Around 2 hours and 180km into my first experience of motorcycle touring, I broke free from my Thunderheader-inspired reverie just long enough to become aware that the air flowing through my perforated leathers was making me decidedly chilly.
And that Nature was calling.
Beneath overcast skies I pulled into a highway-side rest area near Douglas Park, gently rumbled past the rows of fellow travellers, before pulling over parallel the curb, right down the end just before the exit road; a lovely and slightly elevated spot, overlooking a modest dam on the left, and, most importantly, only a short walk from a door marked with the symbol of a man on the right:
I briefly contemplated leaving my helmet and gloves behind, perched nonchalantly atop the sissy bar.
Too many folks about.
A few minutes later, as I rummaged through my new leather sissy bar bag — US$59.95 at Jafrum.com — for my 100% pure merino wool long sleeve motorcycle undergarment — $30 at Aldi — a rather tall and slender older gentleman of somewhat distinguished silver-bearded appearance and dignified carriage walked over from a large 4WD that had pulled up immediately behind, and engaged me in conversation.
It’s a 1995 model.
Yes, these old Evolution engines are better than the new Twin Cams.
No, the ape hangers are actually very comfortable.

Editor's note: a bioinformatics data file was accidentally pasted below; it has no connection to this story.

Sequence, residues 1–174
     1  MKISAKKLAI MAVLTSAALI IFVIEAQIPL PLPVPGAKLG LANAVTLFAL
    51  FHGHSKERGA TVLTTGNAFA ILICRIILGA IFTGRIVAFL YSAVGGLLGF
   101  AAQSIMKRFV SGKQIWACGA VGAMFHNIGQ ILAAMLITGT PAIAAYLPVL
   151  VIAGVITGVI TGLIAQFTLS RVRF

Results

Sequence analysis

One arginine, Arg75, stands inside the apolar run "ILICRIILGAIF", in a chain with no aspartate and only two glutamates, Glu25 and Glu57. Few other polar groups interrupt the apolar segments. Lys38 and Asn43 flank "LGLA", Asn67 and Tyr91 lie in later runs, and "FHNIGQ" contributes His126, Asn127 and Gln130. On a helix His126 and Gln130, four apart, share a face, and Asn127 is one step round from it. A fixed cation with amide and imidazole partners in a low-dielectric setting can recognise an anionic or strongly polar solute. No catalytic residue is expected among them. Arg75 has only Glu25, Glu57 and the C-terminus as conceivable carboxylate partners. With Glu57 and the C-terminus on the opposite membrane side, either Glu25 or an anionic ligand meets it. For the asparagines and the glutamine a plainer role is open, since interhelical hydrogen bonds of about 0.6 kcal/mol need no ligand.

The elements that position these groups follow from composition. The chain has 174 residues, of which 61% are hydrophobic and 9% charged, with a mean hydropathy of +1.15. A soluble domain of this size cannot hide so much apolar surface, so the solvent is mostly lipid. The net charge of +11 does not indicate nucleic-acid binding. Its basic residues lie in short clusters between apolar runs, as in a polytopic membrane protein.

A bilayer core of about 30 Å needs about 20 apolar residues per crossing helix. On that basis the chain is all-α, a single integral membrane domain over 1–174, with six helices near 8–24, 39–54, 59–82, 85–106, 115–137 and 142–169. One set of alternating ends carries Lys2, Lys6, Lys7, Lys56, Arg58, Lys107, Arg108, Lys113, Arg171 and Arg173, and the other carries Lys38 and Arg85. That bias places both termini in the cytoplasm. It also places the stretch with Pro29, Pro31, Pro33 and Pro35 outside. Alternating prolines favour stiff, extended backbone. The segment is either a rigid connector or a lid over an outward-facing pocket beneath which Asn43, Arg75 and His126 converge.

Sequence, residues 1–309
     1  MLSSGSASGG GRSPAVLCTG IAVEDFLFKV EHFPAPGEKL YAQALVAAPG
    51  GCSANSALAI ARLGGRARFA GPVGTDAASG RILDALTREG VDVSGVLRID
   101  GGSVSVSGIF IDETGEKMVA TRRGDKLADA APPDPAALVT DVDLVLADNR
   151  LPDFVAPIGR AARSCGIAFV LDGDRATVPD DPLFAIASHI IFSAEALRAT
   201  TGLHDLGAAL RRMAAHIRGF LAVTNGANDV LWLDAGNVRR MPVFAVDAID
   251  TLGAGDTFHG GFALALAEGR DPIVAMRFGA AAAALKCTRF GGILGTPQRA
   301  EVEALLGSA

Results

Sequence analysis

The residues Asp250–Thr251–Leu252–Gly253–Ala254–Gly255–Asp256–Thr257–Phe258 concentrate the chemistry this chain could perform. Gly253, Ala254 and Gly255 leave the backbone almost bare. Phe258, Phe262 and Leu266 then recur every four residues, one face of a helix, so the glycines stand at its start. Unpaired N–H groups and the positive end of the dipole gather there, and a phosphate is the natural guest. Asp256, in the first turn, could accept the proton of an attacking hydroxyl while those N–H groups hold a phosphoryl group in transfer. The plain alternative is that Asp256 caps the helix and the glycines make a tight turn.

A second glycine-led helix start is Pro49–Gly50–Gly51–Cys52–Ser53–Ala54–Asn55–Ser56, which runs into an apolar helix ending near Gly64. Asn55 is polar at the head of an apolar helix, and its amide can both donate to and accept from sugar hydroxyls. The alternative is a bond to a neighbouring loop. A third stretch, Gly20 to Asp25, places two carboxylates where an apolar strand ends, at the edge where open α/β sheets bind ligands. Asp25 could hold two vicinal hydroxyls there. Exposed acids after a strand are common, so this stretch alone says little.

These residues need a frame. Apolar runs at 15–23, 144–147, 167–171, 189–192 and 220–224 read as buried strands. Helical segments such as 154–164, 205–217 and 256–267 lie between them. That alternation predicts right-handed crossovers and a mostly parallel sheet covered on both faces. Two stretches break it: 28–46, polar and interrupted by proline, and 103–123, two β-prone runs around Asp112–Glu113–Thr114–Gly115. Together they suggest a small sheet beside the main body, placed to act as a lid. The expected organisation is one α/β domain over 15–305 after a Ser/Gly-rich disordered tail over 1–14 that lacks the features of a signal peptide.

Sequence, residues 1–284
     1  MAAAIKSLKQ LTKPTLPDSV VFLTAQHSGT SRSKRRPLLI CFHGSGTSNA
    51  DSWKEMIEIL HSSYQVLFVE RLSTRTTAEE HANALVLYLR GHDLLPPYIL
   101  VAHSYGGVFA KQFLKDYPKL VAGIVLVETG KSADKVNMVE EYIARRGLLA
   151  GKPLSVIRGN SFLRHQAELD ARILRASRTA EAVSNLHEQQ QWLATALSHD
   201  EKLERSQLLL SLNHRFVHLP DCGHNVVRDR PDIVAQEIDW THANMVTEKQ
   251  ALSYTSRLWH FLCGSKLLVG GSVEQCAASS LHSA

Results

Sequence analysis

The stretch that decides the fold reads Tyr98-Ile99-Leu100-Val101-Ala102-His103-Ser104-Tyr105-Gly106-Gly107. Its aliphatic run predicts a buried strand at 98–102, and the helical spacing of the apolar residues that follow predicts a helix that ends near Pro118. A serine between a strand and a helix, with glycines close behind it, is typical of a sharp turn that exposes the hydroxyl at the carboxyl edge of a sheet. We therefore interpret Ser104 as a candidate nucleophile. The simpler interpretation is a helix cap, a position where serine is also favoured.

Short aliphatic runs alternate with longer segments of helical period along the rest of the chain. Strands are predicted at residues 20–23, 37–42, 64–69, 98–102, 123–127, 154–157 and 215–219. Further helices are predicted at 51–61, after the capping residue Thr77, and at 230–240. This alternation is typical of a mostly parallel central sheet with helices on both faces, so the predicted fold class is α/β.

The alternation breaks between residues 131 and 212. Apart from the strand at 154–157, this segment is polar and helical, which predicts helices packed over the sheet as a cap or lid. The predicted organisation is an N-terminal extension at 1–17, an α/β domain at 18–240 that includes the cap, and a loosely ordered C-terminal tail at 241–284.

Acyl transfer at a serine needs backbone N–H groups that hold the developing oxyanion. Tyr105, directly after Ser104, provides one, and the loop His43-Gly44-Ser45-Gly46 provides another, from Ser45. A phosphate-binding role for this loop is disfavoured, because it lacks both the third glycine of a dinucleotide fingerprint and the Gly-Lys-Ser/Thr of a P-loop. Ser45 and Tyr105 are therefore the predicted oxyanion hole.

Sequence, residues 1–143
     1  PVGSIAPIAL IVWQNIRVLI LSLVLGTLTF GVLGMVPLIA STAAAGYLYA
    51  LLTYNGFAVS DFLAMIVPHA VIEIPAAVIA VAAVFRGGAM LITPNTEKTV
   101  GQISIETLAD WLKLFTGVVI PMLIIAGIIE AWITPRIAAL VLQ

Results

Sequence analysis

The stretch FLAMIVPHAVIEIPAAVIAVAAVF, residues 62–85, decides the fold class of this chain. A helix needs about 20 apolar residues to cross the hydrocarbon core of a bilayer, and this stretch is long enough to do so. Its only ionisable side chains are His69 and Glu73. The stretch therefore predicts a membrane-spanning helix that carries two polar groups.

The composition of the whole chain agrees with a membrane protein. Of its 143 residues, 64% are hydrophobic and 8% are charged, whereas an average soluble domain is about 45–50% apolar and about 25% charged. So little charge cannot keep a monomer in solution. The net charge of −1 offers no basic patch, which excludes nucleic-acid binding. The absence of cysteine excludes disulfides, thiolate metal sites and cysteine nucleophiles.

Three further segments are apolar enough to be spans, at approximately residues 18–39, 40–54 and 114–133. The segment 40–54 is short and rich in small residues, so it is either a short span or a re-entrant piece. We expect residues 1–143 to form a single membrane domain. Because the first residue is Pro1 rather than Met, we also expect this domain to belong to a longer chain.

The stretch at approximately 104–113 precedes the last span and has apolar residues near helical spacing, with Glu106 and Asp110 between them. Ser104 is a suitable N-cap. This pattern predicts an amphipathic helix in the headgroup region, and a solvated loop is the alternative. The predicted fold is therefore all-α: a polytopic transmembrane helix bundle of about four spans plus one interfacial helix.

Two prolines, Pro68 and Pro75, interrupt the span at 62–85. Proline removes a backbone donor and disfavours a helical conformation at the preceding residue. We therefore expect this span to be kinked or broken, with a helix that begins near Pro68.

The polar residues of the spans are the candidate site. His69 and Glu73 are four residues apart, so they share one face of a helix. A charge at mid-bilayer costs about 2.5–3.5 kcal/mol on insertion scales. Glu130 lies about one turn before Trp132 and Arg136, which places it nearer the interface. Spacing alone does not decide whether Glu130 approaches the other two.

As we talked amiably together, perhaps, I confess, somewhat discourteously — or so it seems to me on reflection — I continued with donning my slim woollen jumper, re-packing my bag, re-fastening the small cargo net over top my packed bike cover, and re-zipping my leather jacket.
Although not my conscious intention — although, perhaps, subconscious, given I had over 400km further to travel that day — the friendly stranger identified a hint in my actions, and neatly segued our conversation towards a conclusion.
Then came his parting words.
“Good luck with your ministry”.
I guess he noticed the licence plate.
Presumably he was unaware that the Carlini Design handlebars — with which I change direction — bear the moniker “Evil Ape”.
And perhaps he had failed to notice the words “Bad Boy” — my chosen steed’s model name — clearly inscribed on the air cleaner.
But I digress.
Setting aside my affinity for incongruity and the coincidentia oppositorum, thank you, kind Sir.
I had not thought of it that way.